3 Big Canadian Dividend Stocks to Buy in June 2021

Here are three of the biggest Canadian dividend stocks for long-term investors. As markets linger at peaks, it makes sense to increase exposure to such low volatility names.

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Investors generally find stocks high-risk avenues because of their volatility. However, not all stocks are equally risky or volatile. Mature companies that pay consistently growing dividends are comparatively less volatile than broader markets. Here are three of the biggest Canadian dividend stocks for long-term investors.

Pembina Pipeline

The midstream energy giant Pembina Pipeline (TSX:PPL)(NYSE:PPA) yields a handsome 6.5% at the moment.

Pembina agreed to acquire its peer Inter Pipeline for $8.3 billion this week, making it one of the largest transactions in years in the energy space. The transaction will expand Pembina’s presence in Western Canada, which will likely accelerate its earnings growth. Notably, the company expects near-term synergies of $150-$200 million annually.

Driven by its earnings stability and low-risk operations, Pembina will likely continue to pay consistent shareholder payouts for the long term. It generates 94% of its earnings from fee-based operations. This minimizes earnings volatility due to oil and gas prices. That’s why midstream energy companies are relatively less risky than oil-producing companies.

PPL stock has returned almost 50% in the last six months. Its handsome dividend profile, earnings visibility, and decent growth prospects make it an attractive investment proposition for long-term investors.

Hydro One

Utilities generally outperform in low-interest-rate environments. Canadian utility stock Hydro One (TSX:H) could be a smart pick in these markets. It yields a stable 3.5%, in line with TSX stocks at large.

Hydro One mainly operates in Ontario, the most populous province in Canada. The utility generates a large chunk of its earnings from regulated operations. These regulated operations enable earnings stability in all economic conditions, making it an attractive low-risk bet for conservative investors.

Hydro One is a distribution and transmission utility and does not operate in power generation. This lowers the company’s operational risk and saves on capital investments.

It is a relatively newer utility and has a shorter dividend increase streak of four years. However, its low-risk appeal and decent yield will likely outperform peers in the long term.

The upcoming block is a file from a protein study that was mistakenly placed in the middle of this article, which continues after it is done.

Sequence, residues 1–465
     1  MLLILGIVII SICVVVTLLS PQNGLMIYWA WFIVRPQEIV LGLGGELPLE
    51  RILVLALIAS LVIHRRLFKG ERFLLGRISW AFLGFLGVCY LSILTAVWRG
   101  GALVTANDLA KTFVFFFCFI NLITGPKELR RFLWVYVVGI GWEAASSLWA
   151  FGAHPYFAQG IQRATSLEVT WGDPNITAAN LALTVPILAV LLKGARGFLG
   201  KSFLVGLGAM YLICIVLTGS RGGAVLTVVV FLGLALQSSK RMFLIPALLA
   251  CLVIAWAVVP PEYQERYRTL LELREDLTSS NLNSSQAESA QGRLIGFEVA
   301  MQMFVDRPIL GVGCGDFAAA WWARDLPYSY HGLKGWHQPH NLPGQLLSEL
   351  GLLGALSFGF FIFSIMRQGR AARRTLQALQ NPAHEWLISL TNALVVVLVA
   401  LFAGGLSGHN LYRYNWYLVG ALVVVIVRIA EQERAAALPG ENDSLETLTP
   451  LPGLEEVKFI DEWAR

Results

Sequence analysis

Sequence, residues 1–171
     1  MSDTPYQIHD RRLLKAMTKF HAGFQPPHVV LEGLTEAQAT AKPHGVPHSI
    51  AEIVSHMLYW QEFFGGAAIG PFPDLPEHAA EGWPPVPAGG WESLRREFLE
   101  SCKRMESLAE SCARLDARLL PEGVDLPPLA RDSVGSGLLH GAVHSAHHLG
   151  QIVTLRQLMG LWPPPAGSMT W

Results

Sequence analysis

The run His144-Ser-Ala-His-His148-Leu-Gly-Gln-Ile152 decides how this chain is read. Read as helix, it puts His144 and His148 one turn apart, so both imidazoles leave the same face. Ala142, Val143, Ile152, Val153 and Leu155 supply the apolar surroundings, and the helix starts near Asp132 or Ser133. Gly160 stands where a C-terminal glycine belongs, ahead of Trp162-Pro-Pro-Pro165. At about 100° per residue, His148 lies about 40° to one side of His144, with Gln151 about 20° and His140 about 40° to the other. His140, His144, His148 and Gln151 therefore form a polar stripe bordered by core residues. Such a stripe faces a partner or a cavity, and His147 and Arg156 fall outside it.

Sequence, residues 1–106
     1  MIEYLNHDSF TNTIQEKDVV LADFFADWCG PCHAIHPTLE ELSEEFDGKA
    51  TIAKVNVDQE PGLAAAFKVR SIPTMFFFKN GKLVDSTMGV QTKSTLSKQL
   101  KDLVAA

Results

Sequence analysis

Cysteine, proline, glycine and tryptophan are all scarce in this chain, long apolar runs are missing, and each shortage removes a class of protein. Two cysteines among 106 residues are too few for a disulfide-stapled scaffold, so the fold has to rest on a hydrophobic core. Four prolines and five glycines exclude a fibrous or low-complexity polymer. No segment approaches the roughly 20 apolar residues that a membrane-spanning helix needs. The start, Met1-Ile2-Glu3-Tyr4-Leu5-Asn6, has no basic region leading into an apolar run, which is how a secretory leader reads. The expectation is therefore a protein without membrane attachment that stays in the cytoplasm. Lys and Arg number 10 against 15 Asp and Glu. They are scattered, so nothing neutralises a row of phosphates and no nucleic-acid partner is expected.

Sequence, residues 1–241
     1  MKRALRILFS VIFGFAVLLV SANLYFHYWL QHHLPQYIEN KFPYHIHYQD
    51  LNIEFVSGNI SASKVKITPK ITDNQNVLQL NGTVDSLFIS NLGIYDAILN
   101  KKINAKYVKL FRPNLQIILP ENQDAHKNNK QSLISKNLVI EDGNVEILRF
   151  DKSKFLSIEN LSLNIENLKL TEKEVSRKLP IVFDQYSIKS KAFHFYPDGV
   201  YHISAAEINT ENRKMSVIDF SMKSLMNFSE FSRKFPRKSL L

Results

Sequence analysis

Toronto-Dominion Bank

Canadian banks’ fiscal second-quarter earnings last week suggested an encouraging picture of the economy. Among the Big Six, I like Toronto-Dominion Bank (TSX:TD)(NYSE:TD) the most because of its asset quality and a large presence south of the border.

TD Bank stock currently yields 3.6%, in line with the peers. Canadian banking regulator imposed a ban on dividend increases or share buybacks last year to maintain their balance sheet strength. The ban could cease to exist this year on relatively faster economic recovery. Toronto-Dominion Bank has a hoard of surplus cash, which will likely go to shareholders once it is allowed to distribute.

The second-biggest bank stock TD has returned more than 50% in the last 12 months. Despite a decent rally, the stock is undervalued compared to peers that suggest further upside potential.

Bottom line

These three TSX stocks offer stable dividends and relatively lower volatility. As markets linger around all-time highs, it makes sense to increase exposure to such low volatility names.

This article represents the opinion of the writer, who may disagree with the “official” recommendation position of a Motley Fool premium service or advisor. We’re Motley! Questioning an investing thesis — even one of our own — helps us all think critically about investing and make decisions that help us become smarter, happier, and richer, so we sometimes publish articles that may not be in line with recommendations, rankings or other content.

Fool contributor Vineet Kulkarni has no position in any of the stocks mentioned. The Motley Fool recommends PEMBINA PIPELINE CORPORATION.

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